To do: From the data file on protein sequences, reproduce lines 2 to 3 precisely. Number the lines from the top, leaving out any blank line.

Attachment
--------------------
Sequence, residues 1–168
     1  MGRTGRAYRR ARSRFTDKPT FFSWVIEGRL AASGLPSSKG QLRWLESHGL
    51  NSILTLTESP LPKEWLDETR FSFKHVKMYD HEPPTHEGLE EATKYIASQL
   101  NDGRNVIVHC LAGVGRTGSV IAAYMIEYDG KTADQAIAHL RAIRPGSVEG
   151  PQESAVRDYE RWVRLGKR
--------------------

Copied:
     1  MGRTGRAYRR ARSRFTDKPT FFSWVIEGRL AASGLPSSKG QLRWLESHGL
    51  NSILTLTESP LPKEWLDETR FSFKHVKMYD HEPPTHEGLE EATKYIASQL